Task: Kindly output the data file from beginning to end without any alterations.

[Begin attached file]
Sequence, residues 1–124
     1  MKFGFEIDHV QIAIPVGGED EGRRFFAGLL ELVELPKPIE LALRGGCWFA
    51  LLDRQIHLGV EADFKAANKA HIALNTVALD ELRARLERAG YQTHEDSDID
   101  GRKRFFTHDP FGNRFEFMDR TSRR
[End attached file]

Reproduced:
Sequence, residues 1–124
     1  MKFGFEIDHV QIAIPVGGED EGRRFFAGLL ELVELPKPIE LALRGGCWFA
    51  LLDRQIHLGV EADFKAANKA HIALNTVALD ELRARLERAG YQTHEDSDID
   101  GRKRFFTHDP FGNRFEFMDR TSRR